Agriculture and Human Values

, Volume 20, Issue 3, pp 287–300

Environmental beliefs and farm practices of New Zealand farmers Contrasting pathways to sustainability

Article

DOI: 10.1023/A:1026148613240

Cite this article as:
Fairweather, J.R. & Campbell, H.R. Agriculture and Human Values (2003) 20: 287. doi:10.1023/A:1026148613240

Abstract

Sustainable farming, and waysto achieve it, are important issues foragricultural policy. New Zealand provides aninteresting case for examining sustainableagriculture options because gene technologieshave not been commercially released and thereis a small but rapidly expanding organicsector. There is no strong governmentsubsidization of agriculture, so while policiesseem to favor both options to some degree,neither has been directly supported. Resultsfrom a survey of 656 farmers are used to revealthe intentions, environmental values, andfarming practices for organic, conventional,and GE intending farmers. The results show thatorganic and conventional farmers are relativelysimilar but contrast to GE intending farmers,especially with respect to perceivedconsequences of each technology. While 75%of farmers have not yet made a commitmentto either technology, one fifth were GEintending and one quarter may become organic.Organic farmers have different attitudes tonature, matched in part by conventionalfarmers. In terms of policy for sustainableagriculture, the results suggest that organicand conventional farmers are incrementallymoving towards agroecological sustainabilitywhile GE intending farmers are committed tointensive production methods of which GEproducts are potentially important. GEintending farmers reject incrementalism infavor of a revolutionary technological fix forsustainability concerns in agriculture.Overall, the results show that there areclearly two different paradigms ofsustainability among farmers. Policies that areseeking to achieve sustainable agriculture needto address the tensions that span the differentparadigms.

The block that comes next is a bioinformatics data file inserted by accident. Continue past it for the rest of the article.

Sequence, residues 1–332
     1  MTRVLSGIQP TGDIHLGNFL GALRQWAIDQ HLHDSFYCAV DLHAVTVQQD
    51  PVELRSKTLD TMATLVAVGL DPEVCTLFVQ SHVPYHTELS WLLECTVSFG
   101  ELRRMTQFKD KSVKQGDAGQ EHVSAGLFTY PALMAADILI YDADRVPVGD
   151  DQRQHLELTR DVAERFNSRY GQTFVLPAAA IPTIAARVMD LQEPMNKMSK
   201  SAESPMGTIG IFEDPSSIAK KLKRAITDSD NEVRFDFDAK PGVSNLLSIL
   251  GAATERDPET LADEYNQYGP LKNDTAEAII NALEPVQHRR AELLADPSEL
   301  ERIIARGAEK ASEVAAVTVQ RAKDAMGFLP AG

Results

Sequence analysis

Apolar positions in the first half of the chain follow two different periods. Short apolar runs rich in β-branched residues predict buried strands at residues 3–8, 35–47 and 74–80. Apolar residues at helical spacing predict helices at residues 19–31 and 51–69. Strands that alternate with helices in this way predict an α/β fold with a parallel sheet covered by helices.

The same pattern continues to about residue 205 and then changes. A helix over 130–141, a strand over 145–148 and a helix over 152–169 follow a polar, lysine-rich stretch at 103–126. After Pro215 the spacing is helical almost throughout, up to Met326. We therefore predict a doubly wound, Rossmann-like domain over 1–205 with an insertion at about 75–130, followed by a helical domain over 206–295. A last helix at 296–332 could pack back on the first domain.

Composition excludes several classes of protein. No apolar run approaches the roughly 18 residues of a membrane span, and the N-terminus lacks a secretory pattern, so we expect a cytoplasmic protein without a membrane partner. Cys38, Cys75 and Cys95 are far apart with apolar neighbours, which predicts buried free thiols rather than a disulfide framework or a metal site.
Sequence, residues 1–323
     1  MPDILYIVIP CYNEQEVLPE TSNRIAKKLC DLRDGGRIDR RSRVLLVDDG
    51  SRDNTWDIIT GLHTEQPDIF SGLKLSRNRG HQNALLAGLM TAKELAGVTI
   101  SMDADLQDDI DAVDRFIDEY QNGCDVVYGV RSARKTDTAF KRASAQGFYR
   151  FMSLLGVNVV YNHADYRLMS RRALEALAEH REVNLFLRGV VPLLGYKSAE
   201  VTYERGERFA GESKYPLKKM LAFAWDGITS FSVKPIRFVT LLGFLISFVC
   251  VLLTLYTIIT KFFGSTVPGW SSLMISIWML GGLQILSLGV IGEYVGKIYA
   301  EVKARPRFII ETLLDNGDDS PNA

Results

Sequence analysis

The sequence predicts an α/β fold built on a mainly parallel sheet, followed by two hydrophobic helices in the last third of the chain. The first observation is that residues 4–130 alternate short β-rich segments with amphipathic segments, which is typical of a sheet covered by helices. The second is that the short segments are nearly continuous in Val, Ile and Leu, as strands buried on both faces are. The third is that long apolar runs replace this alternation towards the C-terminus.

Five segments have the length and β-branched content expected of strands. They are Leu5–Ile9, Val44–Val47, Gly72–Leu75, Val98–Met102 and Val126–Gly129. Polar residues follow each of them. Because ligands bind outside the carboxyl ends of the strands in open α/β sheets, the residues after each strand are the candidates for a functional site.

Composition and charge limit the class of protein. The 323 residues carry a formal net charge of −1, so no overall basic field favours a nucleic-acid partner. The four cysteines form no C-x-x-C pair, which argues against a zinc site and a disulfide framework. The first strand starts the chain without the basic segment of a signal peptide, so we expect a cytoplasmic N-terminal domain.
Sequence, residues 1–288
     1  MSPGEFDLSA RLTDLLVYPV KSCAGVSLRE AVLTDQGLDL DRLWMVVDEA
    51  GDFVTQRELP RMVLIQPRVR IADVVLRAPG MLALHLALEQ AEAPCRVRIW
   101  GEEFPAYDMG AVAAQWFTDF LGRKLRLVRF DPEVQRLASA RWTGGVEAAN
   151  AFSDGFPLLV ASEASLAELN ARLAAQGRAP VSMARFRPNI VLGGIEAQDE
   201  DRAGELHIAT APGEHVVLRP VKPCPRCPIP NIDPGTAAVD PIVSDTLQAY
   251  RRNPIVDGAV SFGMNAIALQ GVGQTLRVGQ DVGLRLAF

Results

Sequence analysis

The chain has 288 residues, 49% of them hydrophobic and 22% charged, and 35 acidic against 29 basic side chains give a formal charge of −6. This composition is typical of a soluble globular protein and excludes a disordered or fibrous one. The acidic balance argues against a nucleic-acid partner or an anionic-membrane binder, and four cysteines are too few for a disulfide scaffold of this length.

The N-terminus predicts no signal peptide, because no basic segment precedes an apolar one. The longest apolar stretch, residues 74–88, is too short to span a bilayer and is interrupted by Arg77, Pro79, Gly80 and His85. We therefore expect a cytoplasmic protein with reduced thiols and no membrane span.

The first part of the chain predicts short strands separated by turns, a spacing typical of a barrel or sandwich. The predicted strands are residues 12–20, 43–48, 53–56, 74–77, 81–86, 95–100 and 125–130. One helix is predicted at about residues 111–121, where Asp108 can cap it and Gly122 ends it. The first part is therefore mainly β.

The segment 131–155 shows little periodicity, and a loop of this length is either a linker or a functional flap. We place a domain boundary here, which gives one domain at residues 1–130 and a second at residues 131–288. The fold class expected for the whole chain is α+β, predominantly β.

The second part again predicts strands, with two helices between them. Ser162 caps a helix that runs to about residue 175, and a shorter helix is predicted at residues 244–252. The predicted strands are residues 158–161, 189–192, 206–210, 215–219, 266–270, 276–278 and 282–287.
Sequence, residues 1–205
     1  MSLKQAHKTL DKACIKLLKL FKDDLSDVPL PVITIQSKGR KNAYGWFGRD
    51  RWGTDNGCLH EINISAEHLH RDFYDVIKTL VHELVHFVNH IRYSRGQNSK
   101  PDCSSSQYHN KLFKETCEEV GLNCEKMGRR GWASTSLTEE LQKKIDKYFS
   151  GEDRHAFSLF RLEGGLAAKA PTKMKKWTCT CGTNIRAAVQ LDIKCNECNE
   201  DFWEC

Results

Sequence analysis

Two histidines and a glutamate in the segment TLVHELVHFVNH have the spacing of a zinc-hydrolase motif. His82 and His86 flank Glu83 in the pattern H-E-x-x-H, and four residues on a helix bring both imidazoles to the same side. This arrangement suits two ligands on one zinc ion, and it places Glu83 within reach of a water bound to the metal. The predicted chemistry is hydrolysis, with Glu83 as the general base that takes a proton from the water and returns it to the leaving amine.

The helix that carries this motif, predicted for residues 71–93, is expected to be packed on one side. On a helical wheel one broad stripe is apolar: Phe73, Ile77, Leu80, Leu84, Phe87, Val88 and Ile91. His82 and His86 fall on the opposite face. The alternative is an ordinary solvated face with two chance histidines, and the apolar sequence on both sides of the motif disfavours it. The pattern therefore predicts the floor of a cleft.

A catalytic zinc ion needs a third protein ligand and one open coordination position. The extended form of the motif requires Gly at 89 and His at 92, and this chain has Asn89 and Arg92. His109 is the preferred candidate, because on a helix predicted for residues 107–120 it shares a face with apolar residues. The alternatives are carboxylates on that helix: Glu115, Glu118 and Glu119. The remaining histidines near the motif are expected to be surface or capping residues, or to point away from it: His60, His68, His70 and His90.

AttitudesGene technologyNatureNew ZealandOrganicParadigmsPolicySustainable farming

Copyright information

© Kluwer Academic Publishers 2003

Authors and Affiliations

  1. 1.Agribusiness and Economics Research UnitLincoln UniversityCanterburyNew Zealand
  2. 2.John R. Fairweather, Agribusiness and Economics Research UnitLincoln UniversityCanterburyNew Zealand
  3. 3.Centre for the Study of Agriculture, Food and EnvironmentUniversity of OtagoDunedinNew Zealand